The nightingale of the North has flown. Just 59 and one of the most moving singers of the Sahara, Khaira Arby passed away in a hospital in Bamako, Mali, on Aug. 18.
A native of Timbuktu, Khaira was among the most consequential artists of northern Mali, second only to her dear friend, the iconic Ali Farka Toure. Khaira’s songs of longing, hope and peace are woven into the lives and souls of Malians, especially those from the north. Once she began touring internationally in 2010, Khaira also earned a global reputation as a fiery desert soul woman, fronting a crack young band with the force and chops to match her trenchant, earthy vocals.
With so many consequential deaths of late, this one hits close to home for Afropop Worldwide. We have been playing her bracing songs on our airwaves since we first came upon a cassette of hers in the early ‘90s. Once we actually met her in 2000, she became a dear friend.
Khaira was tough. Tough enough to defy the norms of her conservative societal milieu in northern Mali and divorce her husband in order to pursue a career in music. Tough enough to become the doyenne of Timbuktu musicians, and to play a key role in curating and hosting the quasi-miraculous Festivals in the Desert that happened in Essakane and Timbuktu between 2000 and 2012. Tough enough to endure the violent takeover of the north by Islamic extremists in 2012, and to speak loudly and clearly against those extremists from her subsequent exile in Bamako. (This era is powerfully documented in the film They Will Have to Kill Us First). Tough enough to be among the first artists to return and perform in Timbuktu following international intervention in 2013.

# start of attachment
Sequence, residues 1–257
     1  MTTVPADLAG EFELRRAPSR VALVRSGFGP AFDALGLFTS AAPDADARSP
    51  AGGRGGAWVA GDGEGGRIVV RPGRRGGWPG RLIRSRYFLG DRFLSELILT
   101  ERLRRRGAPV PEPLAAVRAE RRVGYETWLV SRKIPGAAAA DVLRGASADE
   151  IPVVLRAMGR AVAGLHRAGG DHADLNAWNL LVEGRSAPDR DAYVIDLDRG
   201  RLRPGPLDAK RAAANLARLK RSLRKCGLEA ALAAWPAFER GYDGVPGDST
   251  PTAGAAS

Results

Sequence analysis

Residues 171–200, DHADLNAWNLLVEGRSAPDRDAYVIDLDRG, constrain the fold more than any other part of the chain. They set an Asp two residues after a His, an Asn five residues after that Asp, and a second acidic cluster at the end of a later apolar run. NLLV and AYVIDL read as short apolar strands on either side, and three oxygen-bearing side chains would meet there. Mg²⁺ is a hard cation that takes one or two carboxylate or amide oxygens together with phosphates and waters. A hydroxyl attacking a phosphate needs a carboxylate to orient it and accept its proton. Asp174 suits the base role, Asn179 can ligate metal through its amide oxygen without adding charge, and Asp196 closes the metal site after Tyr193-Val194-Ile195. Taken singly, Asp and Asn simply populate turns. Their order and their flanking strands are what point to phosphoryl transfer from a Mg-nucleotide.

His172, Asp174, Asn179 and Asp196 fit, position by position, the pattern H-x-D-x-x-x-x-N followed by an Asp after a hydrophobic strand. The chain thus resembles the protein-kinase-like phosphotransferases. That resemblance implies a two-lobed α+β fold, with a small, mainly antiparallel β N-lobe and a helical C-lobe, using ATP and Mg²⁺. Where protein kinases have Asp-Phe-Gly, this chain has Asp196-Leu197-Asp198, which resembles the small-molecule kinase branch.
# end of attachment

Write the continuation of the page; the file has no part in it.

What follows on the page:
For all that toughness, Khaira was also a sweetheart, with a smile as radiant as the desert sun. She treated her band as her family, and never forgot her friends. Toughness and warmth came as a package with Khaira, as demonstrated at a Bamako wedding where we watched her firmly elbowing overly aggressive patrons aside, all the while singing glorious praises to her intended subject.
Sadly, Khaira never got to return to her beloved hometown to live and resume her musical life there. That was very much her ambition when we last visited her in 2016, and also when we last spoke with her, just a month before her untimely passing.
There is so much more to say about Khaira. For now, two video memories: a segment on her from Afropop’s 2004 film Festival in the Desert: The Tent Sessions, and then a Web video we produced with Khaira during her first visit to New York in 2010.
Special thanks to Khaira’s most dedicated American champion, Christopher Nolan, who arranged and managed her memorable American tours and late recordings, Timbuktu Tarab (2013) and Gossip (2015).